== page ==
IEF calls for a new approach to energy policy to avoid market crises

Sep 08, 2022 by Energy Connects

IEF Secretary General Joseph McMonigle spoke exclusively to Gastech News about the current situation in the global gas markets and the key role natural gas will play in the future.

image is Josephmcmonigle IEF
IEF
Author Joseph McMonigle Secretary General IEF

What’s the current situation in global gas markets?

Gas markets are flashing red alert, with more than two dozen countries today suffering severe blackouts, fuel shortages and, in some cases, social unrest. I am concerned about wider blackouts and shortages as we approach winter in the northern hemisphere. European prices reached €236 a megawatt hour earlier this month, equivalent in energy terms to almost $400 a barrel of oil. Prices have more than doubled from already extremely elevated levels since June and are now 10 times their normal level. Consumers are racing to secure supplies ahead of the winter heating season amid expectations of further supply cuts from Russia. Russian gas production is already 30% below pre-pandemic levels, according to JODI data. Europe’s thirst for LNG to replace lost Russian supply has triggered a price war with Asian importers. The crisis is increasing energy poverty, and driving some consumers to higher carbon energy sources such as heavy fuel oil, coal and wood, so there has been a setback to the transition as well. The crisis follows years of under-investment in hydrocarbons globally which has left the market fragile and vulnerable to disruption. So we need a new approach to energy policy to avoid market crises, shortages and unintended consequences.

How has the energy sector been mismanaged?

Unfortunately, like oil, natural gas has suffered from a decline in upstream investment and today we have insufficient supply to meet demand. This is not only about Russia and Ukraine, but a deeper malaise in the energy industry that is having severe consequences for the world economy. Policymakers need to be more honest about how the transition will actually be achieved without starving our energy system of capital and disrupting livelihoods. One of the problems has been a proliferation of fanciful outlooks for energy demand that do not bear up to reality. In the latest updates, for example, the gap between the highest and lowest scenario for natural gas demand is 3.4 billion tons of oil equivalent by 2050. That’s larger than the size of today’s global gas market. This uncertainty over future demand, coupled with bans on fossil fuel ¬ nuancing by multilateral institutions and growing investor reluctance, is deferring oil and gas investment at a time when we need it to bridge the gap between the energy systems of today to those of tomorrow. Rising living standards and a growing population will lead to more energy demand. The priority is to reduce emissions and increase affordability, not to abandon the fossil fuel industry which today provides 80% of global energy. We must manage the transition, taking care to invest in ongoing demand while picking the low-hanging fruit in the battle against climate change, such as eliminating methane leaks and scaling up clean energy technologies such as carbon capture and hydrogen. I am concerned that if the public starts to equate high energy prices with climate policies, we will lose support for climate action. That would be a huge setback and it would be hard to get that support back. So, we need to create a state of market stability to enable the transition to take place and avoid the unintended consequences we are seeing today with price spikes and volatility.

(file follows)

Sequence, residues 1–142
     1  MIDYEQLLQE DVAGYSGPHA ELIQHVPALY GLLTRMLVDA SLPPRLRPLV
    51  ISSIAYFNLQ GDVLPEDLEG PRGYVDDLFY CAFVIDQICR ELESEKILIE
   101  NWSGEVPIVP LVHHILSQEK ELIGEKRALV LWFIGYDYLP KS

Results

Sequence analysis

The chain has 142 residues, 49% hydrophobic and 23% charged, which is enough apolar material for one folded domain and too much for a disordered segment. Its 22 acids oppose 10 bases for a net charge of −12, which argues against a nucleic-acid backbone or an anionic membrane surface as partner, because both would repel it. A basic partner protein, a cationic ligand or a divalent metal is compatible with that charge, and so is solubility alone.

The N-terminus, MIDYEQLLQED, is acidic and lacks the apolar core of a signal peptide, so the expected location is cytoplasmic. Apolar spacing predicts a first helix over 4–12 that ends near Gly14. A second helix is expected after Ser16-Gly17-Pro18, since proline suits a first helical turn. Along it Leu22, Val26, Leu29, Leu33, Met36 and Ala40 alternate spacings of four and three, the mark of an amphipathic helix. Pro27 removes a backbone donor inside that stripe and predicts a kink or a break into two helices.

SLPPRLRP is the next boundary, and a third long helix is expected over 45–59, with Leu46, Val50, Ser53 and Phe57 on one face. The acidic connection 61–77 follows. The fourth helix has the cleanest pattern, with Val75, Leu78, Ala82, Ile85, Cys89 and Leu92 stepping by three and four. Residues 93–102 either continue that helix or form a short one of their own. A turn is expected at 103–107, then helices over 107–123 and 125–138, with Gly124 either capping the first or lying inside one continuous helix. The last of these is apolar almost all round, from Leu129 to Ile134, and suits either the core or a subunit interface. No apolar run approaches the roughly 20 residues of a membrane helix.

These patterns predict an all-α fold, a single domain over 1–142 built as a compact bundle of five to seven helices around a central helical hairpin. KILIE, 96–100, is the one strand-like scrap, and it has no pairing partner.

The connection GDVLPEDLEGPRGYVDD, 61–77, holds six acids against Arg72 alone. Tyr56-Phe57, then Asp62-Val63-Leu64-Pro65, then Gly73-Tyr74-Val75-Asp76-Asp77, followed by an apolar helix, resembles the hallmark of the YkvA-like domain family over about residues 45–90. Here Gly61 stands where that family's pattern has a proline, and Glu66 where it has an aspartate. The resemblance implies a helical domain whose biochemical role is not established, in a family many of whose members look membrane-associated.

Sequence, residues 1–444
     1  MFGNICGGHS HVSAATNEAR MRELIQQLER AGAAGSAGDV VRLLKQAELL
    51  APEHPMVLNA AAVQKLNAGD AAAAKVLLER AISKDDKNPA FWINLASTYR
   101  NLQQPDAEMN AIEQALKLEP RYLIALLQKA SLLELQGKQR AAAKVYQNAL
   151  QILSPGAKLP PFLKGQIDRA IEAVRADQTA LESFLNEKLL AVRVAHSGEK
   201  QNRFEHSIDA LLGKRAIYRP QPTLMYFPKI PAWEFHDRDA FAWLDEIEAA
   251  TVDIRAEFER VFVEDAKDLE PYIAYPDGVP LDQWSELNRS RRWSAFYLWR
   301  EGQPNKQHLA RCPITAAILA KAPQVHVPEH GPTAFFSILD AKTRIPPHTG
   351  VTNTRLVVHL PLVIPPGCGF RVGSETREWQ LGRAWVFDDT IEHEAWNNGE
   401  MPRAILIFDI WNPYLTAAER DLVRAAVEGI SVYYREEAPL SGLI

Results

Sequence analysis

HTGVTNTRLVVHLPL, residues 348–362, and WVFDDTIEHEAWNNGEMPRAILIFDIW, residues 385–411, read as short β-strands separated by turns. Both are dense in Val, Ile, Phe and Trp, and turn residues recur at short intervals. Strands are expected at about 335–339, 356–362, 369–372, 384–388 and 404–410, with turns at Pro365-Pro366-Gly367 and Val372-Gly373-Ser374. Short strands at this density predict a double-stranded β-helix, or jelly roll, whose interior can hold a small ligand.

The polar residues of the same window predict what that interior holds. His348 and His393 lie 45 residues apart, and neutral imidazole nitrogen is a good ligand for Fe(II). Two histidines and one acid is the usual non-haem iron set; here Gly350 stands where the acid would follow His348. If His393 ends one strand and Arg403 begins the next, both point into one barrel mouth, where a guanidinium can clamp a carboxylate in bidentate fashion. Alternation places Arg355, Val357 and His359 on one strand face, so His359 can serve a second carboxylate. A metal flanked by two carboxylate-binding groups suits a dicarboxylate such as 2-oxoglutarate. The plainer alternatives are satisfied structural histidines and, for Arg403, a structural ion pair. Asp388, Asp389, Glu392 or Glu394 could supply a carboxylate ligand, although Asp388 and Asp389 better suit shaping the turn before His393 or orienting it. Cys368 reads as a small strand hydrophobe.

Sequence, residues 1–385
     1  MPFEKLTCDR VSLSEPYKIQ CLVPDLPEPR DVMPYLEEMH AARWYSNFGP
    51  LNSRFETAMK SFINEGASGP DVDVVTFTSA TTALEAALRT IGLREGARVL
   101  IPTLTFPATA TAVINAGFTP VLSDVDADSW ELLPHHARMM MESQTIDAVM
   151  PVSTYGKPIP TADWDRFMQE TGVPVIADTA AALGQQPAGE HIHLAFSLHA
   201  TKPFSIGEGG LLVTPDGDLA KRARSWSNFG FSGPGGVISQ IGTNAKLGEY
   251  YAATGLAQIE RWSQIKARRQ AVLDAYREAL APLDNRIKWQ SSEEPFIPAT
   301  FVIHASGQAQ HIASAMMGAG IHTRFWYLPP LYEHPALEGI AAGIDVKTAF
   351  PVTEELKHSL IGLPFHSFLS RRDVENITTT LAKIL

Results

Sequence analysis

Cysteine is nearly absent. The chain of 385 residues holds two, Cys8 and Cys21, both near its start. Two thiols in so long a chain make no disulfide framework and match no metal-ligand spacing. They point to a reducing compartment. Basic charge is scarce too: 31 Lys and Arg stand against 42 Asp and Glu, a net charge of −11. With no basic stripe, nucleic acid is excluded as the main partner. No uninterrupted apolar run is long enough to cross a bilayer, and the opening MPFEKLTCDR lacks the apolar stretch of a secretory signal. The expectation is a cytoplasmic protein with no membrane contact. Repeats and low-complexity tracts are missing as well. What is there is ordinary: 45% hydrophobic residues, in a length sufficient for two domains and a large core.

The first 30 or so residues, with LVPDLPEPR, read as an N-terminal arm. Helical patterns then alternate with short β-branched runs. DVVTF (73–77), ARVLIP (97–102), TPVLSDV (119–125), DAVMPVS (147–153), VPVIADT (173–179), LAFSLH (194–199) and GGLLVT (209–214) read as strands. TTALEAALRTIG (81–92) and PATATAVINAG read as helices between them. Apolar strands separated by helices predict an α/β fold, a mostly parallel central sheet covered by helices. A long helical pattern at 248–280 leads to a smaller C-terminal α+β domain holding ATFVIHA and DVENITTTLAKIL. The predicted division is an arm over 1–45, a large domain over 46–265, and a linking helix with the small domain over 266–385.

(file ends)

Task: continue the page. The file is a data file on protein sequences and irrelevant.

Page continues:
What role will natural gas play in the road to net zero?

Natural gas has several critical roles to play in the transition. It replaces higher-carbon energy sources, helps to expand grids to address energy poverty, and supports intermittent renewables with reliable and affordable baseload power. In Europe and North America, gas has been a large contributor to the drop in carbon emissions over the past 20 years. A case in point is the United States where the shale gas revolution created plentiful low-cost gas, accelerated coal-to-gas switching and helped CO2 emissions to fall by around 960 million tons between 2005 and 2019 --- all while GDP per capita rose 15%. And the US gas revolution freed up volumes that enabled other countries to accelerate switching as well to achieve similar results.

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